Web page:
Ted Mallett, VP & Chief Economist
Canada’s private sector job vacancy rate has once again set new highs. Third quarter 2018 estimates show 3.3 per cent of jobs had been sitting vacant for at least four months because employers were unable to find suitable candidates. This compares to 3.2 per cent in Q2 of this year and 2.9 per cent in Q3 2017. Similar estimates from Statistics Canada map quite closely to CFIB's; their latest Q2 reading of 3.4 per cent is slightly higher, but most likely due to seasonal influences at the start of the summer hiring period.
CFIB's latest count represents roughly 430,000 private sector openings--48,000 more that we had seen a year earlier. The pattern shows tighter labour markets now even compared to previous cyclical peaks in 2008 and 2014 brought on by oil and gas booms in the West.
The labour market in Quebec, by far, continues to be the tightest in the country with its vacancy rate rising another 0.1 point to 4.1 per cent. Conditions also tightened slightly in Ontario (3.3 per cent), Alberta, Manitoba and Nova Scotia (each 2.6 per cent). The vacancy rate in British Columbia continues to be well above the national average at 3.7 per cent, but that estimate has remained steady for three straight quarters. In contrast, vacancies dropped back to a weak 1.3 per cent in Newfoundland and Labrador and remained steady in Prince Edward Island (1.5 per cent), Saskatchewan (2.0 per cent) and New Brunswick (2.7 per cent).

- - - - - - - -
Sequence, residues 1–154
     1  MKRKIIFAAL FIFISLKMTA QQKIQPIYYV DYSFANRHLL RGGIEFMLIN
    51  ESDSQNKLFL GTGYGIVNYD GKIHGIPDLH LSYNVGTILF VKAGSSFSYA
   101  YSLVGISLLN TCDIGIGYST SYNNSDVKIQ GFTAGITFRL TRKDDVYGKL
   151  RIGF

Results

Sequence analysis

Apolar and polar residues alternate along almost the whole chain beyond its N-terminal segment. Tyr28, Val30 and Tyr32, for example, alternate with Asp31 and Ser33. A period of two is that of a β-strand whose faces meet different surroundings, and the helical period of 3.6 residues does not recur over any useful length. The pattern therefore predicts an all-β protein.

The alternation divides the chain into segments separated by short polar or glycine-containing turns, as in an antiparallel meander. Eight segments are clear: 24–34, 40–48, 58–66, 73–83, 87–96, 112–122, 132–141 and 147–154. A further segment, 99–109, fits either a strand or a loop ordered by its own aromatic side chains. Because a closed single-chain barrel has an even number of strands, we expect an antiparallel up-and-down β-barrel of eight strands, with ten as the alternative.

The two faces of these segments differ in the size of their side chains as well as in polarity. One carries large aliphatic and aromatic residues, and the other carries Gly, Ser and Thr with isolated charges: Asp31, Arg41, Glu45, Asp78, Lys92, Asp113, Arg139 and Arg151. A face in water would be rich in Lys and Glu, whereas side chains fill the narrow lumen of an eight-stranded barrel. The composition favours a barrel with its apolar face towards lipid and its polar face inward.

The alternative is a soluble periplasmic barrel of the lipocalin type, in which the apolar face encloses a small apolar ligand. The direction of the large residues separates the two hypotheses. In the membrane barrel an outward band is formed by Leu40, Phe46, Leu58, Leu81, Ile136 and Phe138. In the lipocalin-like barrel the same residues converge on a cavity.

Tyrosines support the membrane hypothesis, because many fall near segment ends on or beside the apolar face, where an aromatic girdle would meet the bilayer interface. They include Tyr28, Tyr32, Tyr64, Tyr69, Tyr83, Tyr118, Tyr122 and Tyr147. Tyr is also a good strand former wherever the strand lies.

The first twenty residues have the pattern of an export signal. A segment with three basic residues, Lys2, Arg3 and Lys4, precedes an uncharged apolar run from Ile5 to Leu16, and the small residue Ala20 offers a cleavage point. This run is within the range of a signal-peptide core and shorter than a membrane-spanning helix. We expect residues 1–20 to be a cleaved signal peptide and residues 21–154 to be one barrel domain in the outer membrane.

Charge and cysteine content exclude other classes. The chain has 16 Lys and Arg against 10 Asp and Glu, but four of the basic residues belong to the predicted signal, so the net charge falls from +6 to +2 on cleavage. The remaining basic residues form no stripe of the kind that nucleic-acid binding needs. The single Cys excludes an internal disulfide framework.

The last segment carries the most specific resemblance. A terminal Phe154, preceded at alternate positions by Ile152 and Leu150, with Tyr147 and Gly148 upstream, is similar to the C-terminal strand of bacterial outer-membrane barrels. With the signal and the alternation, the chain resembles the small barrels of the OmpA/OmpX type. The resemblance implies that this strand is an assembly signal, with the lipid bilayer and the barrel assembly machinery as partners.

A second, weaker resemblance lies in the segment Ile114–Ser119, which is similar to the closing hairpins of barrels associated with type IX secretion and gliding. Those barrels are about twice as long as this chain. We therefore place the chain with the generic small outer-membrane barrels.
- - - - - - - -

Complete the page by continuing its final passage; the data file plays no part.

Among broad industry groupings, the picture showed some divergence, with vacancy rates advancing in professional services, construction, agriculture and oil and gas. There was no change in other sectors. Vacancies also continued to put pressure on wages, with employers with at least one vacancy expecting to push average organization-wide wage levels up by 2.6 per cent—versus an average 1.7 per cent gain planned by businesses without any job openings.